OBAMA: We have increased oil production to the highest levels in 16 years. Natural gas production is the highest it’s been in decades. We have seen increases in coal production and coal employment. But what I’ve also said is we can’t just produce traditional sources of energy; we’ve also got to look to the future. That’s why we doubled fuel efficiency standards on cars. That means that in the middle of the next decade, any car you buy, you’re going to end up going twice as far on a gallon of gas. That’s why we’ve doubled clean energy production like wind and solar and biofuels. … I expect those new energy sources to be built right here in the United States. So that’s going to help Jeremy get a job, it’s also going to make sure that you’re not paying as much for gas.
Comment: Obama doesn't answer the question about whether Chu is wrong to say that it's not the job of the Energy Department to lower gas prices (assuming Chu did say this). More, while Obama says that his policies are lowering gas prices (which is another arguable empirical matter), he doesn't address whether it is the job of the Energy Department to do so.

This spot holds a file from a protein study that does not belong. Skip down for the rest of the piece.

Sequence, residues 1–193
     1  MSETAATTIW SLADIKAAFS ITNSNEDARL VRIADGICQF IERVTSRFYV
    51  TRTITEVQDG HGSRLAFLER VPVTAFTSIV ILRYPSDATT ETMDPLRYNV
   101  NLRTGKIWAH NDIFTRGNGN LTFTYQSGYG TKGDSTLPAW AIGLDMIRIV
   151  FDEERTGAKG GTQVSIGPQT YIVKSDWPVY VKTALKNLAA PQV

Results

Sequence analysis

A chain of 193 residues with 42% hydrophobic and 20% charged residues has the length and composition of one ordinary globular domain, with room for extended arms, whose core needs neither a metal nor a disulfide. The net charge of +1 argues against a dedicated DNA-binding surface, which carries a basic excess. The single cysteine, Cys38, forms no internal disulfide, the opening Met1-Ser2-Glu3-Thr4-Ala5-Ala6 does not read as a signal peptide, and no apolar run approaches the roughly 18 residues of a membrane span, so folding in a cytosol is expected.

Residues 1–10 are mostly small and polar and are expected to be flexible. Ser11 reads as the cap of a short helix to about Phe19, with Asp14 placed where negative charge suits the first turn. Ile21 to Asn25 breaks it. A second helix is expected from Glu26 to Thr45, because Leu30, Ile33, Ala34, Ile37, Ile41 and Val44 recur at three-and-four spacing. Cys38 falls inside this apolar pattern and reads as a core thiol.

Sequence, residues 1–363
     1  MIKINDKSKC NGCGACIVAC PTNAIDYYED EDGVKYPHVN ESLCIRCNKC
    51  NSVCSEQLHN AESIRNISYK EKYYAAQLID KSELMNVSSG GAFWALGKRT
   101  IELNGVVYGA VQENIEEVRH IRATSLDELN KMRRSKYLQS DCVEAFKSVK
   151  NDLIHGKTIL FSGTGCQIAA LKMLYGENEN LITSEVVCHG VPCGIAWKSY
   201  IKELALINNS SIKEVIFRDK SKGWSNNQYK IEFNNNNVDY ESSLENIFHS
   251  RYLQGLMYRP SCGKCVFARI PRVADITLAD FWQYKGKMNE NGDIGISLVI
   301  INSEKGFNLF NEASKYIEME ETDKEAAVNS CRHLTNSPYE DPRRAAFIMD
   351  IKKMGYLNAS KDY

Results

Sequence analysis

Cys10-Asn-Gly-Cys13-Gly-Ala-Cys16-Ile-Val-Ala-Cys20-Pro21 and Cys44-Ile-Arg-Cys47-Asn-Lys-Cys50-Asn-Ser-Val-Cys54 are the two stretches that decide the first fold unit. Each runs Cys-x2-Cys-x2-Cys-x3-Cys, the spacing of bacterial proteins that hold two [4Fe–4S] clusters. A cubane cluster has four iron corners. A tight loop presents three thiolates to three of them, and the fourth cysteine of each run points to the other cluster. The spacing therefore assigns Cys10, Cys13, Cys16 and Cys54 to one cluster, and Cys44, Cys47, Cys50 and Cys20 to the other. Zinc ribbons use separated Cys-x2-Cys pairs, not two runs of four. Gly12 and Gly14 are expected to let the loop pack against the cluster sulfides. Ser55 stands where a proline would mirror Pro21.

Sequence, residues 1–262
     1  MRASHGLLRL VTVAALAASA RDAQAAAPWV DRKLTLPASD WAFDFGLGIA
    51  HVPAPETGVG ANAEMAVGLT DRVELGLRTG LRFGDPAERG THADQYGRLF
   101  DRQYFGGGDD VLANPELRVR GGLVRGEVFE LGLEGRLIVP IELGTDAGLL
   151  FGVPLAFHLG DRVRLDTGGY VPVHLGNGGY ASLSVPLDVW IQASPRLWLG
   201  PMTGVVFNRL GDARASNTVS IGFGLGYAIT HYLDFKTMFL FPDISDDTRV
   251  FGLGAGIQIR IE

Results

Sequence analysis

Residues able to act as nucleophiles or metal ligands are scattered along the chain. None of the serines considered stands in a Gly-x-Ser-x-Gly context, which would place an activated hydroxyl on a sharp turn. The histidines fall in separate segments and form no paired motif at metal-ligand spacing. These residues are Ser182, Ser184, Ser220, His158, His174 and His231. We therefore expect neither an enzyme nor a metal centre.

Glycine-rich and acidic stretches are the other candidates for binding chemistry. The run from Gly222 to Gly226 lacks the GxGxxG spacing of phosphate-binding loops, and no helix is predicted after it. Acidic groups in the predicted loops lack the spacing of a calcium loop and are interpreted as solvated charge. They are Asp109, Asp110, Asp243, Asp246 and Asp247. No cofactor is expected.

JEREMY EPSTEIN: Mr. President, Governor Romney, as a 20-year-old college student, all I hear from professors, neighbors and others is that when I graduate, I will have little chance to get employment. Can -- what can you say to reassure me, but more importantly my parents, that I will be able to sufficiently support myself after I graduate?-- Former Gov. Mitt Romney (R-MA), October 16, 2012, during the second presidential debate in Hempstead, NY, between Romney and President Barack Obama.
ROMNEY: I know what it takes to create good jobs again. I know what it takes to make sure that you have the kind of opportunity you deserve. And kids across this country are going to recognize we’re bringing back an economy. It’s not going to be like the last four years. The middle class has been crushed over the last four years, and jobs have been too scarce. I know what it takes to bring them back, and I’m going to do that and make sure when you graduate … I’m going to make sure you get a job.
Comment: Romney didn't answer the question. Romney spoke about things he would do to help future college students graduate with less debt, but he didn't give any real detail to what he would do to ensure that Epstein would be able to support himself when he graduated.